Magnetospheric Research ELF/VLF Programme
The position at which the overwintering station was established (at an altitude of 1700 m) had special advantages for the measurement of movements in the magnetosphere and changes in the precipitation of particles from it, as shown by ELF/VLF signals. This formed part of a major international exercise, of interest not only to UK scientists but also to South African, American, French and Argentinean organizations.
The programme had been formulated by Dr K. Bullough of Professor Kaiser’s Department of Space Physics, University of Sheffield, England. Suitable mobile equipment was designed and constructed at Sheffield. It consisted of twin-loop antennae, preamplifier and receiver, tape recorder, Venner Oscillator, rechargeable battery power supplies, time code generator and goniometer.
This not only enabled ELF/VLF signals to be recorded, but provided a direction finding capability showing where the signals come from. By operating simultaneously with other stations, it was possible to fix the point at which the signals penetrated the lower part of the ionosphere.
Any irregularities in the ionosphere diffuse rapidly along the tubes of force and thus generate radio guides linking one hemisphere with the other. Movements in the high atmosphere cause these tubes to move and thus it is possible to watch the circulation in the magnetosphere from the ground using naturally generated signals. The inner part of the magnetosphere co-rotates with the earth. The outer part forms a comet tail extending beyond the moon, which is approximately constant in form relative to the sun. The solar wind blows the outer part of this tail away from the sun setting up a circulation with an inward flow near the centre of the tail. Changes in movement with time or position can cause acceleration of particles and thus precipitation of high energy particles into the ionosphere which are then visible as aurora.
The most interesting and complex movements occur near the boundary between the co-rotating part of the magnetosphere, which has high electron density, causing great delay of the signals, and the relatively rarified plasma of the rail. The mean position of this is strategically placed relative to Halley Bay (British Antarctic Survey), Siple (U.S. base), SANAE (South African base) and the expedition’s overwintering station, Ryvingen.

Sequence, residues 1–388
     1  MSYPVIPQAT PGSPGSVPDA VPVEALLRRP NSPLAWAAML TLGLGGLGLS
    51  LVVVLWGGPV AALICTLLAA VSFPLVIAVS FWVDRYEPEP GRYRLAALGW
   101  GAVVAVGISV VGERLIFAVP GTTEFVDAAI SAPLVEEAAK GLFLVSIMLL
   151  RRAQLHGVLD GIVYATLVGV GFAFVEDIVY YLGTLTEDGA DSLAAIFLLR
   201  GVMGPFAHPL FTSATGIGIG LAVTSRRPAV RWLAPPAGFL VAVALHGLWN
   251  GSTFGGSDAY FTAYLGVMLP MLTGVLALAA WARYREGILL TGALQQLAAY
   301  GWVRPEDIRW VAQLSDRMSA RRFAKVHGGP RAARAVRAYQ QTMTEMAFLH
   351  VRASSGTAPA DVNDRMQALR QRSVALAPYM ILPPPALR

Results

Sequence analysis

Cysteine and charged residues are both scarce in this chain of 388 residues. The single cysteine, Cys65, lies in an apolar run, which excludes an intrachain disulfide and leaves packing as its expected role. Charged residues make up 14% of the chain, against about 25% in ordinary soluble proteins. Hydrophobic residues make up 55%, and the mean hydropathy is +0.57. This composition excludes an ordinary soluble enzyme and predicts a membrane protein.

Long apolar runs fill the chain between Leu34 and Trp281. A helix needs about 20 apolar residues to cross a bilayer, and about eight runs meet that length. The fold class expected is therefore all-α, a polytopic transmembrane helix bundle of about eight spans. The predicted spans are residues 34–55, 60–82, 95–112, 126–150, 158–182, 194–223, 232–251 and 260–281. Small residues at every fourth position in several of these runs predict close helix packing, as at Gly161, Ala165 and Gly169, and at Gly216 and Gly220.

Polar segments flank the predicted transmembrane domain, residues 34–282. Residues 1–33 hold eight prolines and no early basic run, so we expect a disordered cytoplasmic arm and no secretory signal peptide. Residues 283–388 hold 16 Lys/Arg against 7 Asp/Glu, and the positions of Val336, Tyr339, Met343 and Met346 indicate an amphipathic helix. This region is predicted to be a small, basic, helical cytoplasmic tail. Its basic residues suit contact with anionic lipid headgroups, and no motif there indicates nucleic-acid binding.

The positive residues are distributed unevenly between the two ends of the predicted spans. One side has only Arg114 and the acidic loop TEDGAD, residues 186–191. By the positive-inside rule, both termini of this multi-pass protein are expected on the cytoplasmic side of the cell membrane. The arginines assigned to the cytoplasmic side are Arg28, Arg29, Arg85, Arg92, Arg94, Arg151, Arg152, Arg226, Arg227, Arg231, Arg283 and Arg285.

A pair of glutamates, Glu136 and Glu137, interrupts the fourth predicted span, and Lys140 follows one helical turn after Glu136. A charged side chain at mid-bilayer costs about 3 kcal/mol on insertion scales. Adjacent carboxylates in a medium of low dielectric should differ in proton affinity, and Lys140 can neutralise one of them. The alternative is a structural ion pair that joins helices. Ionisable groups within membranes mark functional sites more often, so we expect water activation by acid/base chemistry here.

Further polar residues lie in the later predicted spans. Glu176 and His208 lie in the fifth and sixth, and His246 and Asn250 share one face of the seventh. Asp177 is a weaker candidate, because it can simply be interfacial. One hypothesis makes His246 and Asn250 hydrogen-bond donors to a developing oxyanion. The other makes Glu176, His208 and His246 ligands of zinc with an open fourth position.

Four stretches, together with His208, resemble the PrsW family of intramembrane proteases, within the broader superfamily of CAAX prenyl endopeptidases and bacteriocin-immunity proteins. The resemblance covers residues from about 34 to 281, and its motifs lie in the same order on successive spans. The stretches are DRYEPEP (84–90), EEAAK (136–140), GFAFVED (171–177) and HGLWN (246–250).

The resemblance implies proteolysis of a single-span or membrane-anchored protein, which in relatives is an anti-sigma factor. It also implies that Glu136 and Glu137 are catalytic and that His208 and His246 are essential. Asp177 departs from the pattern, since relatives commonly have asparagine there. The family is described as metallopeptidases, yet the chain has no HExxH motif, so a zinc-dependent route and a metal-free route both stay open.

There is a major international effort to study such changes using an east-west chain along a constant magnetic latitude. It is very desirable that cross bearings from widely separated stations should be supplemented by cross bearings between a close triangle of stations. SANAE, Halley Bay and Ryvingen formed a useful triangle since Ryvingen is about 120 kms from SANAE and both are 6oo kms from Halley Bay.
Observations made at the unmanned station at SEAL, 120 kms from Halley Bay during the relatively short periods in which this station was operating, have shown that interesting differences in behaviour can occur over a range of only 120 kms and that this separation is good for studying movements of ducts. A permanent station of the same type as the mobile station exists at Halley Bay and similar equipment of American design was recently installed at Siple and Palmer (U.S. bases) and SANAE. Thus observations made at Ryvingen can, in principle, be used in conjunction with SANAE as a short base system, with Halley as a medium base system using identical equipment at both ends, and with Palmer and Siple as a long based system. This would complement the planned cooperation between Siple, Palmer, Halley Bay and SANAE. It is therefore to be expected that more than one of the national groups working in this field will be interested in using the data obtained at Ryvingen.
One of the major reasons for the international interest in the study of movements using ELF/VLF signals in the Weddel Sea sector of Antarctica is that conditions are exceptionally favourable for the generation and propagation for such signals. During winter between one and two orders of magnitude wore signals are received than in the northern hemisphere during its local winter, and the great skewness of the invariant magnetic pole relative to the geographical pole in the south causes the circulation pattern to swing over an abnormally wide range of geographical latitude. Thus it is relatively easy to identify, and also to follow the movements of individual ducts for many hours, and also to obtain sufficient observations of each duct to minimise the random errors inherent in any radio direction finding system.
In addition, the existence of much man-made radiation in these bands from the industrial zones of the eastern USA and Canada causes strong amplification of signals moving from north to south, thus enabling ducts to be followed over several thousands of kilometres, instead of a few hundred as is normal in the northern hemisphere.
Bullough K. and Sagredo JL. 1973
VLF goniometer observations at Halley Bay Antarctica — I. The equipment and measurements of signals bearing.
Planet. Space Sci. 21 899—912.
Sagredo JL. and Bullough K. 1973
VLF goniometer observations at Halley Bay, Antarctica II. Magnetic structure deduced from whistler observations.
Planet. Space Sci. 21 913—23.
Kaiser TR. and Orr D. and Smith AJ. 1977
VLF electromagnetic phenomena: Whistlers and micropulsations.
Phil. Trans. R. Society London Bz79 226—38.